Of course, the park itself contains some nice sights, such as the Mafalda statue that we mentioned further above.

San Juan el Real

Iglesia de San Juan El Real

An underrated church that rarely gets mentioned when people talk about attractions in Oviedo. It is however one of the best sights in the city. And if you’re arriving in Oviedo train station and headed to the historic part of the city, you will pass it on your way there.

This church is fairly new, as it was constructed between 1912 and 1915. That makes it as much as a thousand years newer than many of the classic churches in Oviedo. Yet, this should be visited as one of the first. It’s easy to get there because San Juan el Real is right in the centre of modern Oviedo. Entrance is free, so you can simply walk in whenever it is open. The interior of the church is incredibly beautiful, and that is exactly why we recommend seeing it in person.

In 2014, the Pope changed the status of Iglesia de San Juan el Real from a church to a minor basilica. Some important historic events have taken place here, such as the wedding of Francisco Franco in 1923.

University of Oviedo

The University of Oviedo is also one of the main attractions of the city. It was established in 1574 and is therefore one of the oldest universities in Spain.

Another interesting fact is that it is the only university in Asturias. Because of this, Oviedo attracts a lot of students, and around 10% of the city population is studying in the university. The establishment of the university was the main reason for Oviedo’s expansion between the 17th and 19th centuries.

Historically, the university had just three faculties. The main one was the Faculty of Arts – all students had to graduate here to continue in one of the other. The other ones were Faculties of Law and Theology. Today, Oviedo’s university has 31 faculties and over 150 fields of study. It continues to have big influence in the Asturian community.

We highly recommend stopping by to see it. The original university building is particularly interesting to see.

Museum of Fine Arts of Asturias

Finally we get to a museum. All art lovers will probably enjoy the Museum of Fine Arts of Asturias. It is full of important Spanish artworks. In the exhibitions, you will find paintings from artists such as El Greco, Goya, Picasso, Dalí, Sorolla and several others. It spans across several eras and it is overall a fantastic experience to get in.

The museum is conveniently located in the centre of the city, inside Palacio de Velarde. Very close to the Cathedral, so it should be easy to find. You can read more information on their website, particularly to see the opening hours.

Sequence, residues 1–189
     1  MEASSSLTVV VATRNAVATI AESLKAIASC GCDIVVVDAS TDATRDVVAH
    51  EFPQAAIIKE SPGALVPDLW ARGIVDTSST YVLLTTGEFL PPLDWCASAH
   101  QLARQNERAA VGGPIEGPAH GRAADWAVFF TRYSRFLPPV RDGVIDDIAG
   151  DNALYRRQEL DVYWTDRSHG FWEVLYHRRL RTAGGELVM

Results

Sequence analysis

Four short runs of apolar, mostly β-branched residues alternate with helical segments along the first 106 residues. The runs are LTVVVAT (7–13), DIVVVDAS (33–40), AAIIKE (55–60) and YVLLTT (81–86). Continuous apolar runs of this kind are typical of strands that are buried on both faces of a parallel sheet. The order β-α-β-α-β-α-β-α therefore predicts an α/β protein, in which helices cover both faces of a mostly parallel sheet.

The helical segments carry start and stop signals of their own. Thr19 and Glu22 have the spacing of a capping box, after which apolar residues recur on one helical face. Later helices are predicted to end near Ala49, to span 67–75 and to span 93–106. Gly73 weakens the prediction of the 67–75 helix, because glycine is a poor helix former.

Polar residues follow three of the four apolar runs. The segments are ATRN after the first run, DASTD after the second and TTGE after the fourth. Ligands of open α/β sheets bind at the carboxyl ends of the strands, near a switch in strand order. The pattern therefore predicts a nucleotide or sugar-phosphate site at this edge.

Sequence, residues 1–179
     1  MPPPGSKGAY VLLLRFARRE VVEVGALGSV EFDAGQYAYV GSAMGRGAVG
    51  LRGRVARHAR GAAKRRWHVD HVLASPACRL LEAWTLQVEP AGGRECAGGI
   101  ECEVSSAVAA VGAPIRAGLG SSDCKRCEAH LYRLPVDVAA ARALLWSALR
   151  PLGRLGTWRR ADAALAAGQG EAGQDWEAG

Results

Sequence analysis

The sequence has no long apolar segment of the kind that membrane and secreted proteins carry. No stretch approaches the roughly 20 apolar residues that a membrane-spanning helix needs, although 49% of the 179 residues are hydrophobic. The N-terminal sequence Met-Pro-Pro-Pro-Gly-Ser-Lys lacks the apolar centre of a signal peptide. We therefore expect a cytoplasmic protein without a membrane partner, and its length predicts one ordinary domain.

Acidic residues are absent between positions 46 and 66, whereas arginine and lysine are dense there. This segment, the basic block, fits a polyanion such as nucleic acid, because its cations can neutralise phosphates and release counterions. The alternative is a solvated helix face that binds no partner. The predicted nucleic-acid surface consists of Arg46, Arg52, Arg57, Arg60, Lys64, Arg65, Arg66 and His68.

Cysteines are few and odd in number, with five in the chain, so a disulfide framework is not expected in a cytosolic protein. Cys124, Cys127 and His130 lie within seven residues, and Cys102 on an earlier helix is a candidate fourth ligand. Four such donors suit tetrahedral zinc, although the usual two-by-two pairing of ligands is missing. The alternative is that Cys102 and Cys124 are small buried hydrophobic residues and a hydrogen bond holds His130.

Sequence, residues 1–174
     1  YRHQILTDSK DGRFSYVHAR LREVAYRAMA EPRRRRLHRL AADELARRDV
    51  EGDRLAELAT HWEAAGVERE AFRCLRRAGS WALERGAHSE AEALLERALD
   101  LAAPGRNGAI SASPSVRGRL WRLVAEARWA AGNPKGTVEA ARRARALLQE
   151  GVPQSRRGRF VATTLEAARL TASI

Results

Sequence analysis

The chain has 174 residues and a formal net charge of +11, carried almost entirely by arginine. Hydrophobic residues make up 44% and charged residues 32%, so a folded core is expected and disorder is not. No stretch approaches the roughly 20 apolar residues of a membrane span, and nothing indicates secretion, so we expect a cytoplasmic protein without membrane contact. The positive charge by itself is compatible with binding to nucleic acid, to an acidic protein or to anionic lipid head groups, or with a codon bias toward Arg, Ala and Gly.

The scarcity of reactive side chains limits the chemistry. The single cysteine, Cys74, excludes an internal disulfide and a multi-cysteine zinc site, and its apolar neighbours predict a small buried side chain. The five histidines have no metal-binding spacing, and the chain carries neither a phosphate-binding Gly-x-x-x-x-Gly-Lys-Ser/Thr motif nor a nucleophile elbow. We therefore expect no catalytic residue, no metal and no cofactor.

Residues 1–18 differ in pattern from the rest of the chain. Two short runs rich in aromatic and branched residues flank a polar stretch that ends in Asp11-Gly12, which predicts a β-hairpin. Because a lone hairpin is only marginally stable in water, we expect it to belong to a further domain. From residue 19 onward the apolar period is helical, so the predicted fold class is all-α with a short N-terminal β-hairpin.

Entry is completely free of charge, which is incredible. We highly recommend it – the Museum of Fine Arts is one of the best attractions in Oviedo!

Archeological Museum of Asturias

As long as we are talking about museums, we should also include this one.

The Archeological Museum of Asturias is certainly also worth a visit. This time, the focus is obviously not on art, but rather on archeology. It shows a lot of the artefacts and items discovered in Asturias throughout the years. You will find items from prehistoric times and all the way up to the modern age.

And it’s not just a museum with a focus on past technologies and such: Be sure to see the 3D projections and other visual models!

Just like the art museum, this one is also completely free of charge. Get more information on opening hours at the Turismo Asturias portal.

Palacio del Conde de Toreno

In the historic part of Oviedo, you will also be able to spot this attraction. An important palace that used to belong to the count of Toreno.

It’s a building in the Baroque style, and it is certainly very unique. It was built in 1675 and has wonderful courtyards and a beautiful facade. While a residence in the past, it is now being used by an organization trying to promote the history and culture of Asturias. Another great place to visit in Oviedo if you are interested in the local culture!

Palacio de Camposagrado

A palace that is newer and slightly larger. Palacio de Camposagrado was constructed in the 18th century, but it also has a Baroque style, just like the previous recommendation.

Unfortunately it is not possible to get inside, but even from the outside, it is a remarkable attraction. The facade is impressive and with a large plaza in front, it is easy to stop by and see it. Palacio de Camposagrado is located right by Plaza de Porlier.

Mercado El Fontán

El Fontán Market entrance

Spain is famous for its large and open markets. This is a prime example of one, as Mercado El Fontán is the main market of Oviedo!

While the current building was constructed in the 1880s, there has been a market here since the 1200s. It has always been an important place for trading goods. The market is very central, so you should absolutely check it out if you are already doing some sightseeing in Oviedo. You can buy great foods here – they sell a bit of everything. We mostly recommend trying the local cider, or perhaps some classic Asturian cheese.